HansemEUG established an office in America in 2018 to serve our North American customers better by responding to their needs faster. Since then, we have learned that there are some subtle differences between European and American customers, in terms of their working styles, requirements, management styles, and the types of documents they want translated.
First, the difference between European and American translation management system preferences is clear; European customers generally prefer European-based systems, such as WorldServer, Transit, MemoQ, XTM, and Memsource, while American customers tend to prefer American-based systems, such as Smartling, Transifex, Crowdin, and Lingotek. Such differences might seem obvious, but it is important that service providers understand this clearly when approaching customers.
European customers also have stricter requirements for PC-based CAT tools – for example, they require the program versions to match – whereas American customers usually put more emphasis on the final product rather than on the byproducts of translation (e.g., bilingual files or TMX files). In other words, European customers put more emphasis on the process by providing detailed specifications and making sure software versions are the same, and American customers put more emphasis on the final outcome and are relatively flexible on the process and more open to suggestions from the service providers. Of course, this observation cannot be generalized, but through my experience with the customers, I observed that European customers value emotional connections with their partners and customers, and American customers value rational, cost-sensitive decisions.
In 2018, HansemEUG attended the Slator conference in San Francisco, the LocWorld conference in Seattle, the American Translators Association (ATA) conference in New Orleans, and the annual conference held by the Association of Language Companies. By attending these events and meeting other professionals in the language industry, I was able to learn more about the language industry in America and the expectations of American customers.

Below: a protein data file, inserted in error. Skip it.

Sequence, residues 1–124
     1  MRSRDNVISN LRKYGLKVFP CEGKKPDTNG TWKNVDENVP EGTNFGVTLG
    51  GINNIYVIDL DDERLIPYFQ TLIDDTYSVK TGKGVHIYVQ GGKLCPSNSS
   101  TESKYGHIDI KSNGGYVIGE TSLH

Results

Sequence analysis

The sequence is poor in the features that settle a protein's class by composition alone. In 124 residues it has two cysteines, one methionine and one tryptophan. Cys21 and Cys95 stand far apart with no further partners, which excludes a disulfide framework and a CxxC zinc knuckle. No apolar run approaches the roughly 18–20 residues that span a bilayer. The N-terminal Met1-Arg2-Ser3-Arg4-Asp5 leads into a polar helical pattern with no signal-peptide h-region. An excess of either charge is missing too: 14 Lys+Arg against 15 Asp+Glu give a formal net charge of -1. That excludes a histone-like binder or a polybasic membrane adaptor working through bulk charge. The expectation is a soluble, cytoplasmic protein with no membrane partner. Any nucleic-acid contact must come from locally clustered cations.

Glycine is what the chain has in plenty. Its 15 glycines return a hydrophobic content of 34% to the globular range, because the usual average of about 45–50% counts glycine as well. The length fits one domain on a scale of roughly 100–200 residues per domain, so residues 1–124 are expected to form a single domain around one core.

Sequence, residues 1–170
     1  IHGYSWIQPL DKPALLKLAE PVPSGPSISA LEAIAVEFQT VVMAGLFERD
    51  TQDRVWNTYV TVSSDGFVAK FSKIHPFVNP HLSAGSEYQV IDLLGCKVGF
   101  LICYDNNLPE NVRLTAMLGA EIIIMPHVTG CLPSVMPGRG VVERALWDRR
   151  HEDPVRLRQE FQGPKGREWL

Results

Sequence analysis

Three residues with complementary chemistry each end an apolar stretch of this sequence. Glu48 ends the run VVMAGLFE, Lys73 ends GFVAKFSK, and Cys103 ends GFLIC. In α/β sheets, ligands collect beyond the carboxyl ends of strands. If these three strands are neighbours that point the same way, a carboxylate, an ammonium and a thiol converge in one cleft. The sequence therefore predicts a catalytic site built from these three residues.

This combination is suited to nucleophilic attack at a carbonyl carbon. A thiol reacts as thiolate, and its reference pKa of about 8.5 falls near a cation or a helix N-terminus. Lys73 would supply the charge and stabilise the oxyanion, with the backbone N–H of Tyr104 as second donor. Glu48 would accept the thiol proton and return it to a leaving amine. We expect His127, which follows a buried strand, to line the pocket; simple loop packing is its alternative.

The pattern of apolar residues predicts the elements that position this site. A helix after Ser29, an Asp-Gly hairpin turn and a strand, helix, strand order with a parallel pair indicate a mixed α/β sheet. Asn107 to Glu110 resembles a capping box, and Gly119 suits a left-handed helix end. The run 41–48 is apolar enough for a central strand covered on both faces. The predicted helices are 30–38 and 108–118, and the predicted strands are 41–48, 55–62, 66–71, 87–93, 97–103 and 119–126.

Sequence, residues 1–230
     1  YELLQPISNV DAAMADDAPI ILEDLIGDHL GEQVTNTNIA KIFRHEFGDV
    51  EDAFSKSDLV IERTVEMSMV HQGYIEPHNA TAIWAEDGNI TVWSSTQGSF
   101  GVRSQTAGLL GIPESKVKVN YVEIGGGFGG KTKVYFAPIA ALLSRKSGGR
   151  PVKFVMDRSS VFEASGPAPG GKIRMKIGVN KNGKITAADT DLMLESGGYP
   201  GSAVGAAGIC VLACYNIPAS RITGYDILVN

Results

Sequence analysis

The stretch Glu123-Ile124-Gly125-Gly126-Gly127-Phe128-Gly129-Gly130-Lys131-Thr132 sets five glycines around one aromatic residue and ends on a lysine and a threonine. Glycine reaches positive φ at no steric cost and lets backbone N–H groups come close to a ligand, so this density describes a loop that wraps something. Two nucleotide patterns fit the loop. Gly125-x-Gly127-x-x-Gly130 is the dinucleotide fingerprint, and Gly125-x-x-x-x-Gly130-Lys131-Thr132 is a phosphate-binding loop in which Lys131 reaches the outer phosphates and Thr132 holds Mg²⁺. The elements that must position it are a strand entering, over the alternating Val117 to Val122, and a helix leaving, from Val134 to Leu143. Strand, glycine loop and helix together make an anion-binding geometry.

There are a number of different types of customers in the language industry. For example, there are large global enterprises, small and medium-sized enterprises looking to expand overseas, and language service providers of various sizes. The usual vendor management strategy of large global enterprises is to work with a single, large service provider (i.e., a multi-language vendor, MLV) or a local single-language provider (SLV). However, the MLVs usually work with regional MLVs or local SLVs through subcontracting. This creates multiple layers the customer has to navigate if they want to discuss quality, and these layers restrict the response times and efficiency of quality management Also, as the market becomes more globalized, localization teams in enterprises might be subdivided into regional teams and be able to control the localization process more systematically. Many enterprises started to consider moving from using large MLVs for all their languages to implementing the multi-regional vendor strategy – that is, using a regional group of smaller service providers.
There are numerous specialized services in North America’s localization industry. For example, there are a lot of companies that specialize in one specific area, such as e-learning, websites, multimedia, videos, games, software, marketing, and testing. Also, because there is a wide variety of ethnic groups in America, multilingual interpretation services have been a huge success for many companies.
It is interesting how different localization characteristics manifest in each region. In order to respond effectively to customer requests from different regions, it is necessary to thoroughly understand the localization needs of the regions in advance and to employ a strategy that allows for timely response.